Friday, December 28, 2012

Startups, Taking Risks and the Myth of the Edge

Unfortunately, not everyone gets to work with startups. Our company interacts with them nearly every minute of the day. Sometimes it's easy to forget that many people don't have the up-close and personal experience with this incredibly dynamic, high-paced section of the workforce. It's a lot of laughs, headaches, tough problems, big choices and many, many wows. While there are some things I would never advocate for anyone to replicate, there are many amazing lessons to be learned from the startup community, a couple of which I want to talk about below. Not every company can be a startup or be like a startup, but every company, every person and every community can implement some aspects of what -- in my humble opinion -- make startups a driving force in creating people who are dreamers, fighters and builders. 

Take Risks

We are all too often governed by fear, due to a combination of biology and past experience. We have been programmed to retreat more often than we advance. Our brains create defenses for us to avoid fear, displeasure and dislike. At the same time, a negative past experience can hold us back from trying again. It takes four to five positive experiences to supersede a negative experience. At our core, we are more often professionally risk adverse then we should be. And it's contradictory because we are often able to incorporate extreme risk taking behavior into our personal lives. Think about all the times you stay out too late, date the person you shouldn't and book the vacation you can't quite afford. These are all the types of risks that we take frequently, often with impulsiveness. When it comes to our professional lives, we are less likely to expose ourselves, and act without trepidation and rumination over all possible consequences. We are uncomfortable asking for the raise, nervous about taking a project that we aren't sure we can excel at, and often fail to create company culture where risks are encouraged and rewarded.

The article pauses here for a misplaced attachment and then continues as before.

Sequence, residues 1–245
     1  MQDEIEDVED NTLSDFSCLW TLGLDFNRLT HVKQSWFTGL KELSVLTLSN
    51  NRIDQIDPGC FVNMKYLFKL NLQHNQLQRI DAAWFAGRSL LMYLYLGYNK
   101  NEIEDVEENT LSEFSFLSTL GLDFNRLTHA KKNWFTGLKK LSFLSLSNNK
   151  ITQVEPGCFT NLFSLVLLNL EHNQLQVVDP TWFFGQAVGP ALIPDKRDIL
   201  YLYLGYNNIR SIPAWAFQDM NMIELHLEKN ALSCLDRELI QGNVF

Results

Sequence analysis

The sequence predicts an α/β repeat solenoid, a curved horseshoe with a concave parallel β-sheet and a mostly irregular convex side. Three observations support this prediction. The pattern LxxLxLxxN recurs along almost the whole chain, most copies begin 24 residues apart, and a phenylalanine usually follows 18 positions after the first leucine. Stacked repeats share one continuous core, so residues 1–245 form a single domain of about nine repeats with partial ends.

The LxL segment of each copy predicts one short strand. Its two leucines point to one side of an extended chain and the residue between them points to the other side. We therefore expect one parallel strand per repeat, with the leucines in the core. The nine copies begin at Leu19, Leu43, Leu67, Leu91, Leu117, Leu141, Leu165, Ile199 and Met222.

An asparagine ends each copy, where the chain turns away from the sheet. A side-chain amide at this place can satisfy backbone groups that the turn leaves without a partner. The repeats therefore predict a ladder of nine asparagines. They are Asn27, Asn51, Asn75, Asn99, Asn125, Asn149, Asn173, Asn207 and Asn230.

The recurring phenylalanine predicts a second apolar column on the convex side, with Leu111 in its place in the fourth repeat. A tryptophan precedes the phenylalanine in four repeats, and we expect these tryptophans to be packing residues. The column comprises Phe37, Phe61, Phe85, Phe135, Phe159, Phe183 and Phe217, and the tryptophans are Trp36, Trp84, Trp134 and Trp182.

This is not usually the case in startups. In fact their cultures are often built around the notion that risk isn't just accepted, it's an inherent part of growth and day-to-day functioning. New is the norm and to try things that you don't know and that haven't been done before is a daily reality. This doesn't mean everyone and everything comes up roses. In fact, there are dangerous consequences to this that often manifest themselves in negative aspects like pompous founders and incoherent strategies. However, I think the negative effects are worth it. Encouraging people to dream big, to try new things, and to constantly improve is something worth building a company culture around. It makes people more resilient and creative both at work and at home. 

Finding the Edge